On the whole I passed a glorious time at Yverdon, elevated in tone, and critically decisive for my after life. At its close, however, I felt more clearly than ever the deficiency of inner unity and interdependence, as well as of outward comprehensiveness and thoroughness in the teaching there.
To obtain the means of a satisfactory judgment upon the best method of teaching the classical tongues, I took Greek and Latin under a young German, who was staying there at that time; but I was constructing a method of my own all the while, by observing all the points which seemed valuable, as they occurred in actual teaching. But the want of a satisfactory presentation of the classical tongues as part of the general means of education and culture of mankind, especially when added to the want of a consideration of natural history as a comprehensive and necessary means of education, and above all the uncertain wavering of the ground-principles on which the whole education and teaching rested at Yverdon, decided me not only to take my pupils back to their parents' house, but to abandon altogether my present educational work, in order to equip myself, by renewed study at some German university, with that due knowledge of natural science which now seemed to me quite indispensable for an educator.
In the year 1810 I returned from Yverdon by Bern, Schaffhausen, and Stuttgart to Frankfurt.
I should have prepared to go to the university at once, but found myself obliged to remain at my post till the July of the following year. The piece-meal condition of the methods of teaching and of education which surrounded me hung heavy on my mind, so that I was extremely glad when at last I was able to shake myself free from my position.
In the beginning of July 1811 I went to Goettingen. I went up at once, although it was in the middle of the session, because I felt that I should require several months to see my way towards harmonising my inward with my outward life, and reconciling my thoughts with my actions. And it was in truth several months before I gained peace within myself, and before I arrived at that unity which was so necessary to me, between my inward and my outward life, and at the equally necessary harmony between aim, career, and method.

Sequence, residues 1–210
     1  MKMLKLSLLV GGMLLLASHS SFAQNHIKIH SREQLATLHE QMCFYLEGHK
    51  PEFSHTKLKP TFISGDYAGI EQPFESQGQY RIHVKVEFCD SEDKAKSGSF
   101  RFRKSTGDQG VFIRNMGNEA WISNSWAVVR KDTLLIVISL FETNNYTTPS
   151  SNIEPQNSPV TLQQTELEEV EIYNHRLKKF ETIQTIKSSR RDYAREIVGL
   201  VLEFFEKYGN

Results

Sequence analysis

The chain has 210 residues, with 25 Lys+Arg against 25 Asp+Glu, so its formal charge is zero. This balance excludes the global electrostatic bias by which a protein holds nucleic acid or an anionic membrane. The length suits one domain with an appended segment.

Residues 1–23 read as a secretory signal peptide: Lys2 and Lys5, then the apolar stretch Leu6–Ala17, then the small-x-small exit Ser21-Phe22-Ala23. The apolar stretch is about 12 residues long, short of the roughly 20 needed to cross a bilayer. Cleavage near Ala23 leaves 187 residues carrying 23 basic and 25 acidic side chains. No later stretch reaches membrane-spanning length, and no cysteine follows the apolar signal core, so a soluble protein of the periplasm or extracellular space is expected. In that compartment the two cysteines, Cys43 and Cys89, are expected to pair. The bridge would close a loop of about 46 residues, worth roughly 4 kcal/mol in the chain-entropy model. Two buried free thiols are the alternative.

Mankind as a whole, as one great unity, had now become my quickening thought. I kept this conception continually before my mind. I sought after proofs of it in my little world within, and in the great world without me; I desired by many a struggle to win it, and then to set it worthily forth. And thus I was led back to the first appearance of man upon our earth, to the land which first saw man, and to the first manifestation of mankind, his speech.
Linguistic studies, the learning of languages, philology, etc., now formed the object of my attack. The study of Oriental tongues seemed to me the central point, the fountain head, whither my search was leading me; and at once I began upon them with Hebrew and Arabic. I had a dim idea of opening up a path through them to other Asiatic tongues, particularly those of India and Persia. I was powerfully stimulated and attracted by what I had heard about the study of these languages, then in its early youth—namely, the acknowledgment of a relationship between Persian and German. Greek also attracted me in quite a special way on account of its inner fulness, organisation, and regularity. My whole time and energy were devoted to the two languages I have named. But I did not get far with Hebrew in spite of my genuine zeal and my strict way with myself, because between the manner of looking at a language congenial to my mind and the manner in which the elementary lesson book presented it to me, lay a vast chasm which I could find no means to bridge over. In the form in which language was offered to me, I could find and see no means of making it a living study; and yet, nevertheless, nothing would have drawn me from my linguistic studies had I not been assured by educated men that these studies, especially my work on Indian and Persian tongues, were in reality quite beside the mark at which I aimed. Hebrew also was abandoned; but, on the other hand, Greek irresistibly enthralled me, and nearly all my time and energy were finally given to its study, with the help of the best books.
I was now free, happy, in good mental and bodily health and vigour, and I gained peace within myself and without, through hard work, interrupted only by an indisposition which kept me to my room for a few weeks. After working all day alone, I used to walk out late in the evening, so that at least I might receive a greeting from the friendly beams of the setting sun. To invigorate my spirit as well as my bodily frame I would walk on till near midnight in the beautiful neighbourhood which surrounds Goettingen. The glittering starry sky harmonised well with my thoughts, and a new object which appeared in the heavens at this time, aroused my wonder in an especial degree. I knew but little of astronomy, and the expected arrival of a large comet was, therefore, quite unknown to me; so that I found out the comet for myself, and that was a source of special attraction. This object absorbed my contemplation in those silent nights, and the thought of the all-embracing, wide-spreading sphere of law and order above, developed and shaped itself in my mind with especial force during my night-wanderings. I often turned back home that I might note down in their freshness the results of these musings; and then after a short sleep I rose again to pursue my studies.